The Decisive Day: Bill Clinton Supports a Balanced Budget by Gregory Hilton

After the failure of the effort to adopt a Balanced Budget Amendment to the U.S. Constitution in the Spring of 1995, Republicans proceeded to developing a balanced budget for fiscal year 1996. They had not presented a specific plan by the time of President Clinton’s surprise speech on June 13th.
Clinton knew Congress would soon adopt a budget which would be balanced in the out years. Faced with this inevitability he decided to beat them to the punch by submitting his own balanced budget.
This was ironic because the Clinton Administration had worked diligently to stop balanced budget efforts in the past. For example, the President was involved in the effort to defeat the September 1993 bipartisan Penny-Kasich Deficit Reduction Act. It would have eliminated hundred of useless and obsolete agencies, and outlined a specific cuts. A year later Clinton personally made calls to defeat the Balanced Budget Constitutional Amendment. Labor Secretary Robert Reich said “The President is against simply balancing the budget,” and Clinton said “balancing the budget is not one of our top priorities.”
Congressional Democrats, the Clinton cabinet and the White House staff all resented the anti-deficit strategy and Clinton’s new emphasis on a balanced budget.. We now know that this decision and the capital gains tax cut were both key to all of Clinton’s later successes — it turned around the economy and laid the basis for the country’s continuing prosperity.
According to several memoirs the most powerful aide in 1995 was the only person who had correctly predicted the outcome of the 1994 election, Dick Morris. Democrats lost 54 seats in the House of Representatives that year, and 8 seats in the Senate (followed by two defections after the election), giving the Republicans a majority in both houses of Congress for the first time since 1954. The Republicans also had a net gain of 12 governors’ seats in that election.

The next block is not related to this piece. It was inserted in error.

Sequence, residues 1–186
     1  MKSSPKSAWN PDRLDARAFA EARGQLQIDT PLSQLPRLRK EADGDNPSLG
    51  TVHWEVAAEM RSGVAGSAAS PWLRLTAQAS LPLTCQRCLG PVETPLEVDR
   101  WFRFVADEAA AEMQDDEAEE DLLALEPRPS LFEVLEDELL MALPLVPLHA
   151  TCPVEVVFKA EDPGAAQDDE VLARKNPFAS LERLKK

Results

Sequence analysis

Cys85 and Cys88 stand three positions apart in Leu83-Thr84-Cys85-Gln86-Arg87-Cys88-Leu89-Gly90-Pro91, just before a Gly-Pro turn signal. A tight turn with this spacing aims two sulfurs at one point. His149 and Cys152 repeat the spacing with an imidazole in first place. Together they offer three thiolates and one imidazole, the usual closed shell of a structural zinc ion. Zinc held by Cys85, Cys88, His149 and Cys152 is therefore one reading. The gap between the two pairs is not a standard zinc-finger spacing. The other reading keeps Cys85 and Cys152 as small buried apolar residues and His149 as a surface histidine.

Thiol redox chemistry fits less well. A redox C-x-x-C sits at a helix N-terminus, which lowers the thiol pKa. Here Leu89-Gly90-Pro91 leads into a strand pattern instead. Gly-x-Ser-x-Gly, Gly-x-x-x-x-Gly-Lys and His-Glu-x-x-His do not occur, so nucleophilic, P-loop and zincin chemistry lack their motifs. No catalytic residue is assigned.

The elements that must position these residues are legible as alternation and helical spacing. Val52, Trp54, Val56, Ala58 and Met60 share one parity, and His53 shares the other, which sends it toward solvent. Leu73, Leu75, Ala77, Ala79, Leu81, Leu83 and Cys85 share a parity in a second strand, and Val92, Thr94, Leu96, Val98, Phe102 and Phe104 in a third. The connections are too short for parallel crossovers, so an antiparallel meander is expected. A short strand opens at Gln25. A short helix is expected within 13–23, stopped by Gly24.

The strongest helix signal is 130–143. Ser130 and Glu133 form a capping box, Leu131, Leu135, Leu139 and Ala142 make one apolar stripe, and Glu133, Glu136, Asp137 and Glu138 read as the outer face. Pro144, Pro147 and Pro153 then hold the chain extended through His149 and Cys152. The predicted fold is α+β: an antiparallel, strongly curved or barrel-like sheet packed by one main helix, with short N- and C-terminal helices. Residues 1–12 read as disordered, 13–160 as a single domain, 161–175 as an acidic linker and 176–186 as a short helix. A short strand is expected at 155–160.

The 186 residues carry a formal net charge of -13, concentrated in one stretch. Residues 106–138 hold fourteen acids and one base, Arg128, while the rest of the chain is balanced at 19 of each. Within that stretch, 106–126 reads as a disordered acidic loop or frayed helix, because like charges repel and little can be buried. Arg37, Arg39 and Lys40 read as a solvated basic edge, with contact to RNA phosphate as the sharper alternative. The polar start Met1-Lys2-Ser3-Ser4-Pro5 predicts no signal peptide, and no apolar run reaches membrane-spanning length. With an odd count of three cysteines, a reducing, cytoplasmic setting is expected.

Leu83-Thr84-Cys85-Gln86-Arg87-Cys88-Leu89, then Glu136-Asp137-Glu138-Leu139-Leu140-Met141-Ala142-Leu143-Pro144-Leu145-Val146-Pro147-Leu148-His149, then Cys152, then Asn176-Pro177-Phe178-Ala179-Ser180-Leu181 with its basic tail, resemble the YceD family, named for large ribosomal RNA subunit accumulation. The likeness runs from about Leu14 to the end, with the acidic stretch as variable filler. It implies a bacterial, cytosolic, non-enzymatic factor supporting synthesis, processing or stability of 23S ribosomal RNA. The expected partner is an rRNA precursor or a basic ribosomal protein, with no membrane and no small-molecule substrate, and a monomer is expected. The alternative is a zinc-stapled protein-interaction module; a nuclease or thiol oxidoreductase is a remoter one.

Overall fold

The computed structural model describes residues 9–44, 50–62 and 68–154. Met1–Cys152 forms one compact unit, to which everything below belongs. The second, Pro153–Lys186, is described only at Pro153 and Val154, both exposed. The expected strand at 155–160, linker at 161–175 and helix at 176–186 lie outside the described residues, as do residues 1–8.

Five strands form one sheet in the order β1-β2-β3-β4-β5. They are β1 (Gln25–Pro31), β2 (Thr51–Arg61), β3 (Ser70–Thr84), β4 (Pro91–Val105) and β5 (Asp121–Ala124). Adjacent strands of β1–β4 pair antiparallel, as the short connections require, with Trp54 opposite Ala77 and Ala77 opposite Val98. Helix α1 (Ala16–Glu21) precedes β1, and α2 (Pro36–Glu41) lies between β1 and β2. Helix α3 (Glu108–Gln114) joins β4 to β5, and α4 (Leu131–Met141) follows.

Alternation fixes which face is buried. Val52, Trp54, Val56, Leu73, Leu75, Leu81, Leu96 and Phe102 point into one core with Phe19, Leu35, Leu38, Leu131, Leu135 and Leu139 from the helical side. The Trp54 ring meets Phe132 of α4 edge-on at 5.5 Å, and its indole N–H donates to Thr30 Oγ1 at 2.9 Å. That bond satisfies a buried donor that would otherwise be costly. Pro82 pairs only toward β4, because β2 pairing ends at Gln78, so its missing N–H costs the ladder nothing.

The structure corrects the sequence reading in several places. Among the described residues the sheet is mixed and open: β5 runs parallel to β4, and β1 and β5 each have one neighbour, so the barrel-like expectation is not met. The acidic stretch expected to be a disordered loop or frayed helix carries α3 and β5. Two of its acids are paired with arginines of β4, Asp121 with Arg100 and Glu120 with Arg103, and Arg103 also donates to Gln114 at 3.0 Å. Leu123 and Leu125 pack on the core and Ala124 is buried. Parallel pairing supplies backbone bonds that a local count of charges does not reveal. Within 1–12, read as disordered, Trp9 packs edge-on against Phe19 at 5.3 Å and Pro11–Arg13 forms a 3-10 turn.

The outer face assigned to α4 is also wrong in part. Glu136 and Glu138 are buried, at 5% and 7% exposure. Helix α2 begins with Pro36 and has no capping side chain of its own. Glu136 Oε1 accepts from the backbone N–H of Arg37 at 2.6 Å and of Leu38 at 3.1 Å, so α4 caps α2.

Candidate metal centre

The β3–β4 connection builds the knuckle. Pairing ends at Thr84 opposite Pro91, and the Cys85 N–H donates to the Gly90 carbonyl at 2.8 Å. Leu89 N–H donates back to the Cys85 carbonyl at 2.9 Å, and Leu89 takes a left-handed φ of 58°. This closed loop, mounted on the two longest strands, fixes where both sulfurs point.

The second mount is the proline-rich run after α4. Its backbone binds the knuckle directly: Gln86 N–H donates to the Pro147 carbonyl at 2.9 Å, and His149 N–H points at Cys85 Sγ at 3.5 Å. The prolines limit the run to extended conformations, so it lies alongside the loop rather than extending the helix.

Clinton had good reason to pay less attention to the people who had given him such bad advice, and he accepted Morris’ advocacy of a balanced budget plan. Morris also said, “We need to tell the liberal Democratic congressional wing to shut up. Their agenda is no longer relevant.”
Clinton’s popularity had declined significantly and many thought he could not be re-elected in 1996. He was no longer the center of attention and said “The President is still relevant” during an April 1995 press conference. His Chief of Staff, Leon Panetta, described this time to NPR: “The statement reflected the president’s concern about the November 1994 election. Republicans won both the House and Senate and not one GOP incumbent lost. There was so much attention focused on Speaker Gingrich, the “Contract With America,” and the efforts on Capitol Hill.
“It concerned him because for two years it was his agenda that he was pushing, and he felt was important to the country. And now suddenly he’s confronting a situation where there’s another agenda that’s being pushed by the Republicans that is consuming most of the attention. And so the real question was where is the relevance of the president in this process?”
The decisive day for the balanced budget would be June 13, 1995, which is the subject of my next article.

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